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How important are those thank-you letters?
I gave through your website or PayPal or Network for Good or something. And pretty much immediately, I got an e-mail thank you. Is that really a thank you?
I sent you a gift and you sent back a pre-printed postcard, and wrote in my gift amount in the blank. Yes, you put the card in an envelope. After all, my gift doesn’t need to be shared with all the post office employees. Was that good enough?
You have so many donors that you only send thank-you letters to those who give $250 and above. How about that approach?
You’re a small development office. Well, really, there is no development office. You’re a wonderful small agency doing important work. The executive director and board members do the fundraising. There’s one administrative assistant to do everything. So it takes a few weeks for those thank-you letters to go out. But they do go out!
And anyway, do thank-you letters really make a difference? Why bother? Those donors may well give again without a thank-you letter. Oh dear. Oh my. How distressing.
First, as far as I’m concerned, it doesn’t matter how much someone gives or whether thank-you letters increase donor retention. What matters is that a favor (I invited you to dinner at my home) was given or a gift was made (no matter the size). This is about respect and kindness and…
Gosh! Thank all your donors regardless of gift amount. And write a real letter. Yes, I know, it might be a very good form letter than you use with most people. And yes, you produce it on a computer. And sure, you type the address on the envelope. But someone signs that letter with a real pen (and blue ink). And someone might even write a P.S. And you send out the thank-you letter in a timely manner.
I sent in a gift. I contacted the agency three weeks after I sent in the gift. I wondered if it was lost in the mail. The gift wasn’t lost. They just hadn’t thanked me yet. They were so busy. Oh please.
A really great thank-you letter makes me feel like I made a difference. A timely thank-you letter makes me think you are competent and pay attention to the details. And if you do that with donors, I’m sure you’re doing that in every other area of operation. Neuroscience research shows that when a person thinks one area of the organization works well, the person applies that to the rest of the organization, too. And if you need more, satisfaction with the development office is the key driver of donor loyalty. So says Adrian Sargeant’s research.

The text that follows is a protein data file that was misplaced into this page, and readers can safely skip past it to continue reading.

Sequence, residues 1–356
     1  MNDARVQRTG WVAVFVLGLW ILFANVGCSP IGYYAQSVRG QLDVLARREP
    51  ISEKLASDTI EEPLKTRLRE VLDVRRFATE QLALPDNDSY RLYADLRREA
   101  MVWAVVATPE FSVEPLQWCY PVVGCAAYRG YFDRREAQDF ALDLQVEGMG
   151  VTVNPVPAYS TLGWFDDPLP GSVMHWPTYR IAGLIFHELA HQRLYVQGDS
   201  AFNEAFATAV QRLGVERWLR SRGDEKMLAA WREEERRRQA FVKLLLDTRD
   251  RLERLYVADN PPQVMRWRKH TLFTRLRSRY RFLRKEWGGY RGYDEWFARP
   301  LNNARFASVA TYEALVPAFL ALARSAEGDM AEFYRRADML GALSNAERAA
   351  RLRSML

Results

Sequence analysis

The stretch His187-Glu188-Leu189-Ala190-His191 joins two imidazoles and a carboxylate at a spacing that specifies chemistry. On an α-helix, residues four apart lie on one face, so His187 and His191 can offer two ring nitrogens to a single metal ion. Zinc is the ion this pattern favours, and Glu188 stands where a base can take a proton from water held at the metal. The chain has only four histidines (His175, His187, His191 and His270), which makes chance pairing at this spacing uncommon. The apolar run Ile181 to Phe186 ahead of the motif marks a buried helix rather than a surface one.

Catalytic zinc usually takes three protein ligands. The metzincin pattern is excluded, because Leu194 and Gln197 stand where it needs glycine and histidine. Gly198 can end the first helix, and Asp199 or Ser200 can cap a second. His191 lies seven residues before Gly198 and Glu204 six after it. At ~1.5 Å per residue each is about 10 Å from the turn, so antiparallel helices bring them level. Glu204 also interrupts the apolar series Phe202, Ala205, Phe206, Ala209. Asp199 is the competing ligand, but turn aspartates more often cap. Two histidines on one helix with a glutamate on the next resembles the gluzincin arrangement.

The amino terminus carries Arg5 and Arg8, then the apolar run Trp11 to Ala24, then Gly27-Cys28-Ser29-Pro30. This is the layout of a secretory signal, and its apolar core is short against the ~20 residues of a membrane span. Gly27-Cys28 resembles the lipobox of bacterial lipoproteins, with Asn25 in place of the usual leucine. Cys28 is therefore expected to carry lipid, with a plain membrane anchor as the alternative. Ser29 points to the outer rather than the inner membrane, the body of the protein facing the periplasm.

Tom Ahern wrote about thank-you letters in two issues of his free e-news. Check out Issues 10.6 and 10.7 (2012). And you may as well read Issue 10.8 about the salutation in the thank-you letter because that’s important, too.
My life partner and I received a marvelous thank-you letter from the National Center for Lesbian Rights (NCLR). We read the letter and saved it. We read it and felt special…like our investment mattered…like we mattered, too. The letter clearly states that things aren’t great. The letter is clear that our future investments will matter, too. And I know that this is a genuine, deeply felt thank you.
The letter read, “Thank you for your generous gift. While we’ve had incredible successes in 2010, it is only honest to admit that it’s also been a difficult year—one that will stay with us, especially those of us who believe in the humanity of others. I am so grateful that we have each other to help through these ongoing struggles for justice and fairness. It is inspiring to all of us to have your faith and commitment.”
Are your thank-you letters this good?